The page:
Report on three Genomes to Life Workshops: Data Infrastructure, Modeling and Simulation, and Protein Structure Prediction

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On July 22, 23, 24, 2003, three one day workshops were held in Gaithersburg, Maryland. Each was attended by about 30 computational biologists, mathematicians, and computer scientists who were experts in the respective workshop areas The first workshop discussed the data infrastructure needs for the Genomes to Life (GTL) program with the objective to identify gaps in the present GTL data infrastructure and define the GTL data infrastructure required for the success of the proposed GTL facilities. The second workshop discussed the modeling and simulation needs for the next phase of the GTL program and defined how these relate to ... continued below

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Geist, GA September 16, 2003.

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On July 22, 23, 24, 2003, three one day workshops were held in Gaithersburg, Maryland. Each was attended by about 30 computational biologists, mathematicians, and computer scientists who were experts in the respective workshop areas The first workshop discussed the data infrastructure needs for the Genomes to Life (GTL) program with the objective to identify gaps in the present GTL data infrastructure and define the GTL data infrastructure required for the success of the proposed GTL facilities. The second workshop discussed the modeling and simulation needs for the next phase of the GTL program and defined how these relate to the experimental data generated by genomics, proteomics, and metabolomics. The third workshop identified emerging technical challenges in computational protein structure prediction for DOE missions and outlining specific goals for the next phase of GTL. The workshops were attended by representatives from both OBER and OASCR. The invited experts at each of the workshops made short presentations on what they perceived as the key needs in the GTL data infrastructure, modeling and simulation, and structure prediction respectively. Each presentation was followed by a lively discussion by all the workshop attendees. The following findings and recommendations were derived from the three workshops. A seamless integration of GTL data spanning the entire range of genomics, proteomics, and metabolomics will be extremely challenging but it has to be treated as the first-class component of the GTL program to assure GTL's chances for success. High-throughput GTL facilities and ultrascale computing will make it possible to address the ultimate goal of modern biology: to achieve a fundamental, comprehensive, and systematic understanding of life. But first the GTL community needs to address the problem of the massive quantities and increased complexity of biological data produced by experiments and computations. Genome-scale collection, analysis, dissemination, and modeling of those data are the key to success of GTL. Localizing these activities within each experimental facility that generates the data will ease integration and organization. However, integration and coordination of these activities across the facilities will be extremely critical to assure high-throughput knowledge synthesis and engage the broader biology community. Ultimately, the success of the data infrastructure will be judged by how well it is accepted by and serves the biology community.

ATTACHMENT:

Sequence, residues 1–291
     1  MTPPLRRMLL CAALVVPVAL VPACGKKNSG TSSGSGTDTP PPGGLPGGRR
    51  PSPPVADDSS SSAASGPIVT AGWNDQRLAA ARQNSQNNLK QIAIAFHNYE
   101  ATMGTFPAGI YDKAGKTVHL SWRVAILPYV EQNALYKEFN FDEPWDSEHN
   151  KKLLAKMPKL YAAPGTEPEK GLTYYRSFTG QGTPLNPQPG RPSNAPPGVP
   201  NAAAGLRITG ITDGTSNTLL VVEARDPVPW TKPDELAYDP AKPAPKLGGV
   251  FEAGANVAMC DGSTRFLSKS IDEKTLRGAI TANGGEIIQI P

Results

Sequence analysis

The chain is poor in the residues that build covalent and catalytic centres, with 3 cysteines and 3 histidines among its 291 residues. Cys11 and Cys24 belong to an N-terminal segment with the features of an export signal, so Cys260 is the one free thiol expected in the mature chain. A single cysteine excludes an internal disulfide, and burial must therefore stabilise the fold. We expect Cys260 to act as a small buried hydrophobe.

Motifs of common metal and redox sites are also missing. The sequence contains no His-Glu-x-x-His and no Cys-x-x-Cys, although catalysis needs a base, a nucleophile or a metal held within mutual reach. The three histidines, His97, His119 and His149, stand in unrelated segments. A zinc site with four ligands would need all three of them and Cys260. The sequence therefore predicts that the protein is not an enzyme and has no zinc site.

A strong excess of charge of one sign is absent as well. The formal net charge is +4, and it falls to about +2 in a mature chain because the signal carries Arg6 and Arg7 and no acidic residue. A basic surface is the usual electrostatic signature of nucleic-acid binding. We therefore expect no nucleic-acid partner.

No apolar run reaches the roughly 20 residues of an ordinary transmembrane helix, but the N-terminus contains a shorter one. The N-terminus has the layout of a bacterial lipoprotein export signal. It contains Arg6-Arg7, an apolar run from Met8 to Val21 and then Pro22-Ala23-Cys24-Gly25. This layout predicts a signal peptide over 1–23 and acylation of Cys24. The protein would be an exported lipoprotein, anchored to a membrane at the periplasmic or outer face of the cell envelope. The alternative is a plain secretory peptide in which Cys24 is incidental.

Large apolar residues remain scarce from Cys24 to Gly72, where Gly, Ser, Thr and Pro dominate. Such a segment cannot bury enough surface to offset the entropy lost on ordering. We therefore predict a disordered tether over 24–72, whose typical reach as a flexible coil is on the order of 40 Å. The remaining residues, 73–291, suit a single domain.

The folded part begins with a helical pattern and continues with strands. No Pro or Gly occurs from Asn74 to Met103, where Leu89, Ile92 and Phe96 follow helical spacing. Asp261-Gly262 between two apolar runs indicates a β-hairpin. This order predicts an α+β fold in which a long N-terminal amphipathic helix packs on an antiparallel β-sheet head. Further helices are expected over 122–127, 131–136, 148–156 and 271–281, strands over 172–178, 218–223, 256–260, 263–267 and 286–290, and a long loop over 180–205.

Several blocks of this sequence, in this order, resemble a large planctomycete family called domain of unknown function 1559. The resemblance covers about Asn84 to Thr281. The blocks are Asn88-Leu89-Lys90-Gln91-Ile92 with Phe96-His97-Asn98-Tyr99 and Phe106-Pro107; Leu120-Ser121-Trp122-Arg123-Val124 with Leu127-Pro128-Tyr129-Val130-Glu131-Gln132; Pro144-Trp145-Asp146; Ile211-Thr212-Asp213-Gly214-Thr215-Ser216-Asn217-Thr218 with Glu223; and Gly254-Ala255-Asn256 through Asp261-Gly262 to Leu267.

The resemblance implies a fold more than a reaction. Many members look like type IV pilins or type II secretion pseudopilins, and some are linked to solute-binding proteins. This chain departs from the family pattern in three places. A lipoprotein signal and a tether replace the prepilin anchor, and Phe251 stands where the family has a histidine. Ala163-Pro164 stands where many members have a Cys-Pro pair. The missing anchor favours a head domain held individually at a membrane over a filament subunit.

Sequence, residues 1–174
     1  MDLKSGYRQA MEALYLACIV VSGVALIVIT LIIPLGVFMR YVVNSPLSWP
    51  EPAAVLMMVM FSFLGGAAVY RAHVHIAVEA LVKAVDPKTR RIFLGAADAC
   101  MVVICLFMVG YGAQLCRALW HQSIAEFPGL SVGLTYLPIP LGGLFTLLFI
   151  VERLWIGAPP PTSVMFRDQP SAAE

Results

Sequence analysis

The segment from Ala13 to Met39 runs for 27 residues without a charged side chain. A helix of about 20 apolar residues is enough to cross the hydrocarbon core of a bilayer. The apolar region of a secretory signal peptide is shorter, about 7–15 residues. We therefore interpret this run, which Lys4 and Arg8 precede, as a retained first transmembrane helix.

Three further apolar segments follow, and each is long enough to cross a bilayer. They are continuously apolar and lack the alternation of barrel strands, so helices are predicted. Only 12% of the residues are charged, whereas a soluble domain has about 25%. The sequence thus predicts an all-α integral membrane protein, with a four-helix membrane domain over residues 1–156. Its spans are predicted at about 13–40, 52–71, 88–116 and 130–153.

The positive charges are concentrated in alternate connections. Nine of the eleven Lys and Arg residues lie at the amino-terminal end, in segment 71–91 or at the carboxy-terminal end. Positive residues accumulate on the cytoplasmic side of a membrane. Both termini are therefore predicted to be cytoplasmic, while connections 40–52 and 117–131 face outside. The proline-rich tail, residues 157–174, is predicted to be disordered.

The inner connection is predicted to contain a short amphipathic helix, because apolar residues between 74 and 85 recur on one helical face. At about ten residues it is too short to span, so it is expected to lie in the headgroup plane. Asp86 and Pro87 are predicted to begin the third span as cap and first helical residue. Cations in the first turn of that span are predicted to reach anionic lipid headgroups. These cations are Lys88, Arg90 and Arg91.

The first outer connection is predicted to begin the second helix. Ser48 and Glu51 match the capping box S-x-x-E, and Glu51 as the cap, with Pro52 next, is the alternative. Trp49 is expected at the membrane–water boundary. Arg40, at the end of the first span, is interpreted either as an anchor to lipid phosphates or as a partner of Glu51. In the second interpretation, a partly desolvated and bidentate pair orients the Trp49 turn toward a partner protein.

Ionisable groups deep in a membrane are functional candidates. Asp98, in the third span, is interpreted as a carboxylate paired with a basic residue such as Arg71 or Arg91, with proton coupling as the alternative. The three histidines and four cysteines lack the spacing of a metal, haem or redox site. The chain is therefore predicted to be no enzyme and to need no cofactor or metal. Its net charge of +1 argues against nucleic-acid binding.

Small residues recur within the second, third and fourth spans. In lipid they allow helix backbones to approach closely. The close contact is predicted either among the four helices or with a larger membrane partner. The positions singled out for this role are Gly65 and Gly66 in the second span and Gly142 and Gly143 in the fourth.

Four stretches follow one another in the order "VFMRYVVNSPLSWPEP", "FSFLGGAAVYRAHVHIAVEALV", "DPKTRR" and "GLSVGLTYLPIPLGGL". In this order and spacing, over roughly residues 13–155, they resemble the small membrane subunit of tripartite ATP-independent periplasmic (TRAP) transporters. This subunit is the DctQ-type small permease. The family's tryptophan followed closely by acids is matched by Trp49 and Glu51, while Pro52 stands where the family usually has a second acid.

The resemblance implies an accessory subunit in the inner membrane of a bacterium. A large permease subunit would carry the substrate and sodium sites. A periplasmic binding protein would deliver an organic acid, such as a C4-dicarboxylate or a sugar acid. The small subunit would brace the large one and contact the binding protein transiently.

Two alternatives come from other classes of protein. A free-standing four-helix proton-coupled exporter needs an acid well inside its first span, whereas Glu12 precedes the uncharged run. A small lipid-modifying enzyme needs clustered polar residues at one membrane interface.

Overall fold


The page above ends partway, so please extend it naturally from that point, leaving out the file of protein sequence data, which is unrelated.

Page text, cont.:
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  • Report No.: R03-118451
  • Grant Number: DE-AC05-00OR22725
  • DOI: 10.2172/885580 | External Link
  • Office of Scientific & Technical Information Report Number: 885580
  • Archival Resource Key: ark:/67531/metadc892550

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  • September 16, 2003

Added to The UNT Digital Library

  • Sept. 23, 2016, 2:42 p.m.

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  • Dec. 7, 2016, 8:29 p.m.

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Geist, GA. Report on three Genomes to Life Workshops: Data Infrastructure, Modeling and Simulation, and Protein Structure Prediction, report, September 16, 2003; [Tennessee]. (digital.library.unt.edu/ark:/67531/metadc892550/: accessed October 20, 2017), University of North Texas Libraries, Digital Library, digital.library.unt.edu; crediting UNT Libraries Government Documents Department.